The District also spent a lot of its own money, racking up a combined local and federal total of $15,414 in spending per pupil in average daily attendance. That, too, was more than any state, nearly doubling the national average of $8,899.The district also spent nearly $1,000 on two levels of administrators per student to ensure textbook purchases. Pathetic!
Given that half the District’s school buildings don’t have working air-conditioners and half the schools won’t have their books on time, you might be tempted to guess that the District spends more money on, say, teachers than on facilities and administrators. Don’t give in to the temptation.
In 2003-2004, says NCES, the District spent $1,869 per student on “capital outlays.” That was money “for the acquisition of land and buildings; building construction, remodeling, and additions; the initial installation or extension of service systems and other built-in equipment; and site improvement.” Additionally, the District spent $1,464 per student on “operation and maintenance.” This included “salary, benefits, supplies, and contractual fees for supervision of operations and maintenance, operating buildings (heating, lighting, ventilating, repair, and replacement), care and upkeep of grounds and equipment, vehicle operations and maintenance (other than student transportation), security, and other operations and maintenance services.”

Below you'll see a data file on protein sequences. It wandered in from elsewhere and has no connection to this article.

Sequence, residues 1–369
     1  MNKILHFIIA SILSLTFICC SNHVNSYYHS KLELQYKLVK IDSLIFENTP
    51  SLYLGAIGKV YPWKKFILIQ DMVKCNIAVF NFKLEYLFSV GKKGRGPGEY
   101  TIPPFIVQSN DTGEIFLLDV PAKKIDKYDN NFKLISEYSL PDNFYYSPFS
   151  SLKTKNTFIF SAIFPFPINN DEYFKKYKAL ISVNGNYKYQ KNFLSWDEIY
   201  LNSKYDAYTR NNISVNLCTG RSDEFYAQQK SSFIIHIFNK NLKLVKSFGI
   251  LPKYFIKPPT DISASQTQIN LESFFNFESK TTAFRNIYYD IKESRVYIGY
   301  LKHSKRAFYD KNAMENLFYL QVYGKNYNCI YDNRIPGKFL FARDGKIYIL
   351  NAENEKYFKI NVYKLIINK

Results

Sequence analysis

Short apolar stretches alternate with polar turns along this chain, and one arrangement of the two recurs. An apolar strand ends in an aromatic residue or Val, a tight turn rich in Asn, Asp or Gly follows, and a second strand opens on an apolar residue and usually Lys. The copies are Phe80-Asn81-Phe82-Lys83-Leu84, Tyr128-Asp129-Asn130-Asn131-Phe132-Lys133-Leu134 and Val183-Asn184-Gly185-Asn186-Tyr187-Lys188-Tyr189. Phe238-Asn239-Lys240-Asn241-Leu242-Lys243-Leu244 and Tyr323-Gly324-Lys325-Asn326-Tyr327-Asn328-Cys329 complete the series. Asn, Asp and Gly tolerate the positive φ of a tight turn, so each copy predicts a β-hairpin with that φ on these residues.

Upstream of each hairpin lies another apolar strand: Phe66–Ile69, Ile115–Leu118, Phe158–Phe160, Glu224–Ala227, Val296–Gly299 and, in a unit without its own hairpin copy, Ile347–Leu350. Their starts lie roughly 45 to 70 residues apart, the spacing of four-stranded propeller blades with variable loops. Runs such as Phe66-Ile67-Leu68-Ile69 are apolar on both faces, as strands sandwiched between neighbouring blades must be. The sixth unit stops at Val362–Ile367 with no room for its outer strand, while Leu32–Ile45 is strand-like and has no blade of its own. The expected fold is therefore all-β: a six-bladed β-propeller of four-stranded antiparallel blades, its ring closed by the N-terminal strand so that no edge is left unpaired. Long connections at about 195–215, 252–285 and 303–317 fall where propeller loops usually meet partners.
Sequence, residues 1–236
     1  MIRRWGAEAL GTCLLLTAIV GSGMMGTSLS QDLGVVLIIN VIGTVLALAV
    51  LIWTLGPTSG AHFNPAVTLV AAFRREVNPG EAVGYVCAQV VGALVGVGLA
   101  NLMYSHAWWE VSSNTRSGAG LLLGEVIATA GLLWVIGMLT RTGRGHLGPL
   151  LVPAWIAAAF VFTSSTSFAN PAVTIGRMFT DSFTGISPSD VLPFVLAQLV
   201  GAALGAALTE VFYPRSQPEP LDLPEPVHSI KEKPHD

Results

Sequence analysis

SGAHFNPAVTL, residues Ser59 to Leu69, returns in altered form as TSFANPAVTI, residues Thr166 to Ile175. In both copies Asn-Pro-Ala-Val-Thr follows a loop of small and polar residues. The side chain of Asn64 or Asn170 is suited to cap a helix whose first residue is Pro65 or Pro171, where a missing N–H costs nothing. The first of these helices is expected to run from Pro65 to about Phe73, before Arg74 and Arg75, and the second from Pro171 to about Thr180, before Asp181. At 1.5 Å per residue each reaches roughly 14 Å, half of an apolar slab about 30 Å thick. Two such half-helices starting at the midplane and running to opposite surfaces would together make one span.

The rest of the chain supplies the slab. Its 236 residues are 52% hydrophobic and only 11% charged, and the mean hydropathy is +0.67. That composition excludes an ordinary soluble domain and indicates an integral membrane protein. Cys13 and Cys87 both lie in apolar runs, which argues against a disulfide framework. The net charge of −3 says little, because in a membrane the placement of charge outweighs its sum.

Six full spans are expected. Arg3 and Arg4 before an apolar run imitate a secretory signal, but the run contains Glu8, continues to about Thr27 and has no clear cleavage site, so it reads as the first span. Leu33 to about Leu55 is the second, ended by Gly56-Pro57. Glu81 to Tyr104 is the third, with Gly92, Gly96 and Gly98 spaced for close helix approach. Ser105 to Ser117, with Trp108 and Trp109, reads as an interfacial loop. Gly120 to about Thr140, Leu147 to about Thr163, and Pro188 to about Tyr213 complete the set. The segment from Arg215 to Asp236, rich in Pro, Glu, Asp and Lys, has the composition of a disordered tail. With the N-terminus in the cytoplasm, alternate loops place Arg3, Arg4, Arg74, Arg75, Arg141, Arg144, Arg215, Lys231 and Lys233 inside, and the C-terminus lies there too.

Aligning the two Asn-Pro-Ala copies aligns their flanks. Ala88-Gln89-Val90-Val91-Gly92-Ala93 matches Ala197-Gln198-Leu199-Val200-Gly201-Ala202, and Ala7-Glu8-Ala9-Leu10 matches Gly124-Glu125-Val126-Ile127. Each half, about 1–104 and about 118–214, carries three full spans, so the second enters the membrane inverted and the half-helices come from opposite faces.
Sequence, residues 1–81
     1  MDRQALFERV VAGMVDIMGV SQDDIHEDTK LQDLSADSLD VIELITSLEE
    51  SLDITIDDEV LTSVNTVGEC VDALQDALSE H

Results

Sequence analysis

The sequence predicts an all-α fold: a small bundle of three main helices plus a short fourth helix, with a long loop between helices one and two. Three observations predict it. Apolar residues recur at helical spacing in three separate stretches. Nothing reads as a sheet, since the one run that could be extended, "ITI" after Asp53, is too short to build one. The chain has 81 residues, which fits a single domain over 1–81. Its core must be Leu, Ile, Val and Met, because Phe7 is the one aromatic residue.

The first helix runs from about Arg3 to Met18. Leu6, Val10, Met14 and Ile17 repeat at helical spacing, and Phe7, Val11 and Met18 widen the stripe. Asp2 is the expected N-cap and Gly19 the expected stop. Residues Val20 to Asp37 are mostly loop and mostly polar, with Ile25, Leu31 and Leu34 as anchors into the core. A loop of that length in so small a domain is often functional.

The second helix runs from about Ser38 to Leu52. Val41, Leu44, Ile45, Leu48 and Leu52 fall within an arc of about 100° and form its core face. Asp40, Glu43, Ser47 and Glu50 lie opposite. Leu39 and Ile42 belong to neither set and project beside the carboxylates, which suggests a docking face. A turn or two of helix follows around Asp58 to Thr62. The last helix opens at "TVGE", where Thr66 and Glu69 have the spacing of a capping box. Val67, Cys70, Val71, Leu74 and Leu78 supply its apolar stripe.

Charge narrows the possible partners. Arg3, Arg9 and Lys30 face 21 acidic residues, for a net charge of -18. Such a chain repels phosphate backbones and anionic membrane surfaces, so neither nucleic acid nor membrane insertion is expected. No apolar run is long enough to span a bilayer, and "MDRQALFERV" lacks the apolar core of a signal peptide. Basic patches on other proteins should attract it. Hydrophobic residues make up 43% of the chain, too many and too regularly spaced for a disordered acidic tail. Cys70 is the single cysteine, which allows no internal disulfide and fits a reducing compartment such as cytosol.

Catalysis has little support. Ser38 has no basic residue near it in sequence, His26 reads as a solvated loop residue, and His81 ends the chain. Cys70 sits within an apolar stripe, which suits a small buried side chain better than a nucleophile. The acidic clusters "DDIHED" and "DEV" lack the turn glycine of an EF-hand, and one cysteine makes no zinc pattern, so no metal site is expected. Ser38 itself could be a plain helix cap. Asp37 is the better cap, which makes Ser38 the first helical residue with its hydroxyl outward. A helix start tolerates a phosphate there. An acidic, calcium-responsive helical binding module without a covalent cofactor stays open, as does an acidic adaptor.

That means the District spent a total of $3,333 per student to make sure there were enough new and remodeled buildings and sufficient maintenance staff to keep the air-conditioners going. Of all the states, only frozen Alaska approached this level of spending for facilities and maintenance, spending a combined $3,220 per student on these two categories.
DC Public Schools have been a long running nightmare for a decades. Between poor and crumbling facilities and poor management, the schools have been an administrative failure for a long time. A great many times, new superintendants come into DC promising to reform the education and they make noise about strenghtening curricula, improving the quality of teachers, reducing class sizes, etc. Butr rarely is any attention paid to the actual business operations of the school bureaucracy.
Educators and public school advocates will tell you over and over that education cannot be run like a business with market forces in plat etc. While that is debatable and a worthy debate, certainly the business practices of the schools can be run much more efficiently. If Amazaon.com can track hundreds of thousands of titles, in multiple locations, and maked hundreds of thousands of deliveries per day and know exactly where everything is, sure a school disctrict should be able to do the same.